The United Nations says Mozambique has rescued a number of children who had been abducted by the al-Shabab terrorist group to be forcefully recruited as child soldiers.
Last week, the Human Rights Watch (HRW) said al-Shabab had kidnapped hundreds of boys in the northeast of Mozambique and forced them to join its ranks as child soldiers.
The UN Children's Fund (UNICEF) said on Tuesday that those children had been rescued by Mozambican government forces.
"Children have been rescued, not released" by the militants, UNICEF spokesman James Elder told reporters in Geneva.
He did not provide details, including on the number of the children rescued, but said, "In those areas... we consider thousands of children to be at risk and certainly no children so far have been released."
Elder said video material secured by armed forces in an abandoned training camp appeared to show abducted children as young as five "handling weapons and being indoctrinated to fight." UNICEF has not yet been able to verify the footage.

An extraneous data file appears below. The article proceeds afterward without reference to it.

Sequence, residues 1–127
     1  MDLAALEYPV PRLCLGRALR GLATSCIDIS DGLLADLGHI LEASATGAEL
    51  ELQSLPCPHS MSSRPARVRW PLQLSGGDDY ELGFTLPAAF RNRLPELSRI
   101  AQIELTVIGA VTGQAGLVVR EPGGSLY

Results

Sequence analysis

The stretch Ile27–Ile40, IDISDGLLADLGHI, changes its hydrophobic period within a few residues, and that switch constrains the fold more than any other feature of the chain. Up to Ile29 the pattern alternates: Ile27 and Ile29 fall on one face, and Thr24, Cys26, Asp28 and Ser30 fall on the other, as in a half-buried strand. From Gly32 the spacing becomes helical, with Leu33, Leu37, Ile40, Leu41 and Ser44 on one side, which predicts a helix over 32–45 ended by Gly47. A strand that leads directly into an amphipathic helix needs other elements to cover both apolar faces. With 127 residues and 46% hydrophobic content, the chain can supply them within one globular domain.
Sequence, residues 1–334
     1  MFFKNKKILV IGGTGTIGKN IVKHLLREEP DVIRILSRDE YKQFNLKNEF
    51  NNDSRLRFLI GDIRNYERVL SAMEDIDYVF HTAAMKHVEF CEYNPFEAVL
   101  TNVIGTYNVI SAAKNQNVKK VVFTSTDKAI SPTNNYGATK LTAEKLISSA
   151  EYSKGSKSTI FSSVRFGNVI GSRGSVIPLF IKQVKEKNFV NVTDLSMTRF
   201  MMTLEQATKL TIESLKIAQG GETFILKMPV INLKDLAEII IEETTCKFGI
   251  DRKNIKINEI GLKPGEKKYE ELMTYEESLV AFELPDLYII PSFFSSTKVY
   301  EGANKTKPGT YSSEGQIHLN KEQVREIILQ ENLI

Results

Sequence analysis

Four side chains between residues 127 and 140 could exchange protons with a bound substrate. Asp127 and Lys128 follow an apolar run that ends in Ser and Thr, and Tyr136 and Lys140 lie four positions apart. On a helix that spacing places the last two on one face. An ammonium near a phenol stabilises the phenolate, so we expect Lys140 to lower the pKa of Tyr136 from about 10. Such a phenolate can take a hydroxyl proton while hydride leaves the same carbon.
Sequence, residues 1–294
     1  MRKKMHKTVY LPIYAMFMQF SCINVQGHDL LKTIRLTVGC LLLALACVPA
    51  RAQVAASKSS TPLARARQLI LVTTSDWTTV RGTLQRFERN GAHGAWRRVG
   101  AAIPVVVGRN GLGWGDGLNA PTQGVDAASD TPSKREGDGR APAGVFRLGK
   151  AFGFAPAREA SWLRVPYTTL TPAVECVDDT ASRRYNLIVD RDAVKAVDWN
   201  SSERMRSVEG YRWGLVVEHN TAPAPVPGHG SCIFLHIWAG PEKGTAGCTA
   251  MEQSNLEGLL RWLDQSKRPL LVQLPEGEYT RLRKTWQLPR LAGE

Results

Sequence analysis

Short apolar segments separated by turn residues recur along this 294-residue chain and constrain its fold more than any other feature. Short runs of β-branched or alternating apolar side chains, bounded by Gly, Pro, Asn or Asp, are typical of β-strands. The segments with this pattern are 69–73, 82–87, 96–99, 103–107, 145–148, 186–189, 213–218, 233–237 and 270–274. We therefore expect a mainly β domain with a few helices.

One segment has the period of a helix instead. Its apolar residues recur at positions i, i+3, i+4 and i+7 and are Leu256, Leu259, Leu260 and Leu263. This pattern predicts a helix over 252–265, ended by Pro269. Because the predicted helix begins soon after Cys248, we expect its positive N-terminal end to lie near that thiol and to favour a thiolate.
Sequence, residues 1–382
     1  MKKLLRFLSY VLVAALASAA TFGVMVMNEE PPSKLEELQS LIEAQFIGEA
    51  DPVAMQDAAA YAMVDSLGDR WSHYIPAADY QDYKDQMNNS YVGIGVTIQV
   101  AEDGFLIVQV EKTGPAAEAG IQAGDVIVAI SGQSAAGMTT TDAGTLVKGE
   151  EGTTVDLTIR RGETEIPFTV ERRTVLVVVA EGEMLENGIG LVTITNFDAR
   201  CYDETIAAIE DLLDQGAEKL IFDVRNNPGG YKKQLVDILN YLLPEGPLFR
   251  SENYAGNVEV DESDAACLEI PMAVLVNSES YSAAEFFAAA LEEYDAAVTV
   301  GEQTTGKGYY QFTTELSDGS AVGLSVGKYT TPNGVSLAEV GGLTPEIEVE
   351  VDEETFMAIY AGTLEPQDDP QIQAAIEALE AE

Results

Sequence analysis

But Elder said that other recent reports of abductions had left "little doubt that children are being forcefully recruited by this non-state armed group."
"All feasible measures should be taken to ensure that children are demobilized, disengaged, or otherwise released, and provided with all appropriate protection services for their social reintegration," he added.
Under international legal standards, children associated with armed groups are primarily treated as survivors of violations.
UNICEF said it was working with the Mozambican government to support the physical and mental health of the children rescued and help with their safe reintegration into their communities.
Elder further said, "There are thousands of children who have been displaced" since the attacks in March, when the Daesh-linked al-Shabab militants killed dozens of people in the town of Palma in northern Mozambique. The attacks forced more than 67,000 people to abandon their homes.
The province of Cabo Delgado, where Palma is located, has since 2017 been the target of al-Shabab militants, who have been burning houses, beheading people, forcing some into their ranks, and holding others as sex slaves.
Elder said that as humanitarian access to Cabo Delgado began to improve, there were increasing reports of abductions and the use of children in armed groups.
He said UNICEF had certain evidence of sexual violence against and forced marriages of girls.